The incumbent governor of Nigeria’s southeastern Anambra state was on Sunday declared the winner of an election which voters and candidates said had been marred by widespread irregularities.
The polls on Saturday in one of Nigeria’s most politically turbulent
states are the first in a cycle of state and federal votes culminating in presidential elections due in April 2011.
Diplomats and investors hope Africa’s most populous nation can avoid a repeat of the chaos seen during the 2007 elections which brought President Umaru Yar’Adua to power, polls marred by widespread ballot-stuffing and voter intimidation.
But the signs from Anambra were not promising.
Voters complained their names were not on electoral rolls, while the main candidates — including even the winner — complained of irregularities.
“Peter Obi of the All Progressives Grand Alliance (APGA), having satisfied all requirements of the law and scored the highest number of votes, is hereby declared the winner,” chief electoral officer Josiah Uwazuronye announced at the INEC electoral commission headquarters in the state capital Awka.
Obi won 97,843 votes, beating ex-state governor Chris Ngige of the opposition Action Congress party with 60,240 votes.
Former central bank governor Chukwuma Soludo of the ruling People’s Democratic Party (PDP) took 59,355 votes while ex-state governor Andy Uba of the Labour party polled 26,106 votes.
But voter turnout was extremely low, according to INEC figures. Just 301,232 of 1.84 million registered voters took part, a figure partly explained by so many names being missed off the electoral register.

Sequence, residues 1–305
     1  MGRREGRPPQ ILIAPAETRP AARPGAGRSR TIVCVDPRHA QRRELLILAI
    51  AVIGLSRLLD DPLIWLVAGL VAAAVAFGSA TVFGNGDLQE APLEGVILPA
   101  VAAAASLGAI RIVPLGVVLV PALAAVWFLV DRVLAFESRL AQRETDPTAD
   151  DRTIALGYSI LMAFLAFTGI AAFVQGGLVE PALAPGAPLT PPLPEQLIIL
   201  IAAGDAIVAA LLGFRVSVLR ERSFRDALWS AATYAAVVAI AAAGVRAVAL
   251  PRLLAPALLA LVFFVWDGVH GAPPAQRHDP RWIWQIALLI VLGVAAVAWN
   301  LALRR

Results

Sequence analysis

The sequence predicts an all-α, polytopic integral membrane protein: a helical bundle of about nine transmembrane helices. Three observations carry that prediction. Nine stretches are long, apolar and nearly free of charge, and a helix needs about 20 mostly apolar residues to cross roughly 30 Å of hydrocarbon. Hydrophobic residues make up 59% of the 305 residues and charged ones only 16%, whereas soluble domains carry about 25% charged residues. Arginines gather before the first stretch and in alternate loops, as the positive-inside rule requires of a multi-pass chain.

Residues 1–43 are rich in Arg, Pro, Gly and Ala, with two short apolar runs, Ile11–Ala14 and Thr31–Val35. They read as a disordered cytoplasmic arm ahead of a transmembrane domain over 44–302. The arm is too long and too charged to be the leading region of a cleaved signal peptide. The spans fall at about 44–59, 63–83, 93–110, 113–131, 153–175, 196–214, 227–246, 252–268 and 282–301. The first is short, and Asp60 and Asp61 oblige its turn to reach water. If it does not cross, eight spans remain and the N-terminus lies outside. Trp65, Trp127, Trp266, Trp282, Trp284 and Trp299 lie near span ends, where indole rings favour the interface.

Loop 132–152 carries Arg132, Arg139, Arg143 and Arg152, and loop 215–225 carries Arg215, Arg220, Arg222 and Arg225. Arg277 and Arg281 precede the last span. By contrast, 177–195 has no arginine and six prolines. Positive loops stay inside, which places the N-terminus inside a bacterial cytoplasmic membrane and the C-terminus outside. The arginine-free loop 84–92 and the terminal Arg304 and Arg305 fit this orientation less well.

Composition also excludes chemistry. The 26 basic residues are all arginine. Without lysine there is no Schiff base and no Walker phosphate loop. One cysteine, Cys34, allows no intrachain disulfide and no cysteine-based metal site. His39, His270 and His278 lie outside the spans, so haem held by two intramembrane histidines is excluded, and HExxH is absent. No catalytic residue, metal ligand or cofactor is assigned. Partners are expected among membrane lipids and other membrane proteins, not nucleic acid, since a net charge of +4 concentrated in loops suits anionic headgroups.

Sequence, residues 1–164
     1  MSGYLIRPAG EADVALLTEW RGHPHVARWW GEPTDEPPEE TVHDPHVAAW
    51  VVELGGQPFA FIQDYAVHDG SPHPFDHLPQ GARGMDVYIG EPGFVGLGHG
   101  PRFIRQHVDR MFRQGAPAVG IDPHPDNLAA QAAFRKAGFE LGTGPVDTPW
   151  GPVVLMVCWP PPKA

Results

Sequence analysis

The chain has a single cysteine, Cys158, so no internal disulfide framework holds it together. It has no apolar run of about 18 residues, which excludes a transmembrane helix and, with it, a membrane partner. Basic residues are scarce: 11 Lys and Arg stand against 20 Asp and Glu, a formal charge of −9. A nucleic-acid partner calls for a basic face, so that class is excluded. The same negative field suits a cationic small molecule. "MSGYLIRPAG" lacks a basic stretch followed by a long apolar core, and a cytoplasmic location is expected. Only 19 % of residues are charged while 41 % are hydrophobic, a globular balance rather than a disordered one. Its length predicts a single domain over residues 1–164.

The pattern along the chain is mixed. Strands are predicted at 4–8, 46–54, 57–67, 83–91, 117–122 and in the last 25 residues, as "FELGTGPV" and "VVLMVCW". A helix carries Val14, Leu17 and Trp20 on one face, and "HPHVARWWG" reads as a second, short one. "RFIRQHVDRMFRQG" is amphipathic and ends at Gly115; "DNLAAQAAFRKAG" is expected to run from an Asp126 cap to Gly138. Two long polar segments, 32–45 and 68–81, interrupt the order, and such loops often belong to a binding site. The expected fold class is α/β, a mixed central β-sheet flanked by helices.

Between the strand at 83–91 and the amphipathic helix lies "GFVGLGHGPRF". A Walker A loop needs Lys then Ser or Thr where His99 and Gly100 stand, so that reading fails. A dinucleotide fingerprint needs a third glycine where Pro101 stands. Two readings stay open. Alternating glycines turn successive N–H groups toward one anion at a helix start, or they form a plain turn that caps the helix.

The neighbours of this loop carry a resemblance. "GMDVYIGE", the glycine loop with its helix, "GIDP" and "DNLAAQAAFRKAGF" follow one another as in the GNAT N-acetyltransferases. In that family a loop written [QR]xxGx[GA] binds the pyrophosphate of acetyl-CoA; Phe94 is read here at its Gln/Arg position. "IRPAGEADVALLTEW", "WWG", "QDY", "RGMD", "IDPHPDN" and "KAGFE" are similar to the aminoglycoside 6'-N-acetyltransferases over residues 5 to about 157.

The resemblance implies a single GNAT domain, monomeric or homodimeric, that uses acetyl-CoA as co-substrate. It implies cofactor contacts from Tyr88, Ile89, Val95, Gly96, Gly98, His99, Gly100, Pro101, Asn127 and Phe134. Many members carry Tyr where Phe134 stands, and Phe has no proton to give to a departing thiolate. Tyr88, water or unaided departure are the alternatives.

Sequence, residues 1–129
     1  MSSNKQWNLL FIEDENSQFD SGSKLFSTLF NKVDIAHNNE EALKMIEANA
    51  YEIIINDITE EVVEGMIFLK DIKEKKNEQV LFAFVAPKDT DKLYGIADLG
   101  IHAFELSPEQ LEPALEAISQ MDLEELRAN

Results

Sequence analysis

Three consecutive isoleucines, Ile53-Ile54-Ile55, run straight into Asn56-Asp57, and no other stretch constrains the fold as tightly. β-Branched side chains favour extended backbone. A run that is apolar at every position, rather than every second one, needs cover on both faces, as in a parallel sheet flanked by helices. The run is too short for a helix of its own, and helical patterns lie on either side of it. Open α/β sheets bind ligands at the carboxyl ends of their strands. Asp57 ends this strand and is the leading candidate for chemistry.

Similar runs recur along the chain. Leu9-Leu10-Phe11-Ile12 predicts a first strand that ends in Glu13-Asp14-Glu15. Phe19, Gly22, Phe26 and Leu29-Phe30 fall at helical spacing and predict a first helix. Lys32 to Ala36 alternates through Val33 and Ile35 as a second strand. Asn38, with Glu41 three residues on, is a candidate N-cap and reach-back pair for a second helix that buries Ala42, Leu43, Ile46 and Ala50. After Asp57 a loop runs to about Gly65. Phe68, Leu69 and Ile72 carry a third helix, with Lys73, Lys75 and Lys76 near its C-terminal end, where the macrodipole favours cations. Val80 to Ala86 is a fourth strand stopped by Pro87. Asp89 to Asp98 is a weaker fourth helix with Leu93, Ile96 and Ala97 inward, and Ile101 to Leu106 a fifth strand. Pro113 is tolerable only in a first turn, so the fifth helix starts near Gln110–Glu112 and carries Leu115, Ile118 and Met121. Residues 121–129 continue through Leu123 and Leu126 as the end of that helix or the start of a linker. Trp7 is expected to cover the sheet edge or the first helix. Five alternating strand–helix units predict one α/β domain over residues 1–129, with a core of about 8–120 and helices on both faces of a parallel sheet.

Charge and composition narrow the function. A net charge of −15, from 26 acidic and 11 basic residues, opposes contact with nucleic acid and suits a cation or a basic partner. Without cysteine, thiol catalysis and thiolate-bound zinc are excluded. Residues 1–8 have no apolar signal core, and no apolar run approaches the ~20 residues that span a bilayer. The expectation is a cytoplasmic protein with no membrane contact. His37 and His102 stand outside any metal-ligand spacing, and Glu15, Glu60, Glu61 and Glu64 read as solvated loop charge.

Even Obi initially refused to vote, saying his own relatives were missing from the electoral list and that similar problems were being encountered across the state, but he later returned to the polling station to take part.
Checkpoints jointly manned by police and soldiers were withdrawn from the streets on Sunday and the state capital Awka and commercial hub Onitsha were calm, with many people in church, apparently relieved that there had been no unrest.
“It is to the great credit of the people here that the election was run peacefully yesterday. However, our visits to polling stations at a number of locations suggest that there were irregularities,” British Deputy High Commissioner Richard Powell told Reuters.
“At some stations there was late arrival of materials, some of the (electoral) registers appeared to be incomplete. I would say a lot of work would need to be done if next year’s election were to run smoothly and I hope that the Nigerian authorities would address this as a matter of urgency,” he said.
SOURCED FROM REUTERS